Wrocław researcher discovers new species of fungus

Credit: Wrocław University of Environmental and Life Sciences
Credit: Wrocław University of Environmental and Life Sciences

A new species of fungus - Colletotrichum acericola - has been discovered in the capital of Lower Silesia by Dr. Katarzyna Patejuk from the Department of Phytopathology and Mycology of the Wrocław University of Environmental and Life Sciences.

Dr. Patejuk found a new species of fungus during research for her doctorate on the seeds of ash-leaved maples growing on Krakowska and Bytomska Streets in Wrocław. The new species was described in cooperation with the Polish Academy of Sciences - the W. Szafer Institute of Botany, the Institute of Nature Conservation, and the Bydgoszcz University of Technology.

Dr. Patejuk points out that the new species of fungus 'stands out' genetically among its closest relatives - the Colletotrichum agaves complex. She explains that Colletotrichum fungi are generally known as endophytes, i.e. species that live inside plant tissues without harming them, and as economically important plant pathogens, causing anthracnose. 

‘The 'Wroclaw' fungus was found on a foreign and invasive tree species of - ash-leaved maple, which threatens the local environment, because it displaces native species,’ she says. 

Fot. Uniwersytet Przyrodniczy we Wrocławiu
Credit: Wrocław University of Environmental and Life Sciences

'Genetic studies of Colletotrichum acericola showed that ITS sequences identical to our species were isolated in the USA: the prairies of Minnesota, Illinois and Indiana. This may mean that the fungus originated in North America and probably arrived in Europe on its host - a maple,’ she adds.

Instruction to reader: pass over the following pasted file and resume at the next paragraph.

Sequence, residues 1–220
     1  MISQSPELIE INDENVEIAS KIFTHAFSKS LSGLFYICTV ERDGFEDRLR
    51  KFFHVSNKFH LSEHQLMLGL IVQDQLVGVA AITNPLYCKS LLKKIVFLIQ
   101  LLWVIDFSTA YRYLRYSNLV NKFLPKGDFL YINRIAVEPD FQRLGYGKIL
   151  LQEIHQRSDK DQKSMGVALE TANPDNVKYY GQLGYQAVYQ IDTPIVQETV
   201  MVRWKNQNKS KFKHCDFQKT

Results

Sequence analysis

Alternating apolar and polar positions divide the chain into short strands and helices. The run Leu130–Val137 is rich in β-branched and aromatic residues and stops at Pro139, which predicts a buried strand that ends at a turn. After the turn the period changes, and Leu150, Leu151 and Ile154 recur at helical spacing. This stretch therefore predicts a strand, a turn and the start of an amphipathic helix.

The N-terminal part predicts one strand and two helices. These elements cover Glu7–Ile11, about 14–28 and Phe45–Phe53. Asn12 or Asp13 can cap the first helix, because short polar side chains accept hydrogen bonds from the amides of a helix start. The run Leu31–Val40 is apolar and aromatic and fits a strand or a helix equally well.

Dr. Patejuk says that the discovery of the fungus is of great importance from the point of view of nature conservation. 'Firstly, the pathogen of the ash-leaved maple can weaken its invasiveness and expansion, and that is good news, but it can also pose a potential phytosanitary threat to our local, native species - the sycamore and the Norway maple.

‘This is called a spillover, where a newly arrived pathogen can jump to local native species, but because they are not used to this pathogen, it has a much stronger and worse impact on them compared to the invasive plant with which it has shared years of co-evolution,’ Patejuk says. 

As an example of such a phenomenon, she points to the squirrel poxvirus carried by the grey squirrel, which has caused the decline of the native red squirrel, as the virus is decimating its population.

Fot. Uniwersytet Przyrodniczy we Wrocławiu
Credit: Wrocław University of Environmental and Life Sciences

‘We are currently conducting research to quickly detect this threat and protect our native maple trees. The results are promising. This is important because although Colletotrichum acericola was discovered in Wrocław, it is probably much more widespread,’ Patejuk says. 

PAP - Science in Poland, Piotr Doczekalski

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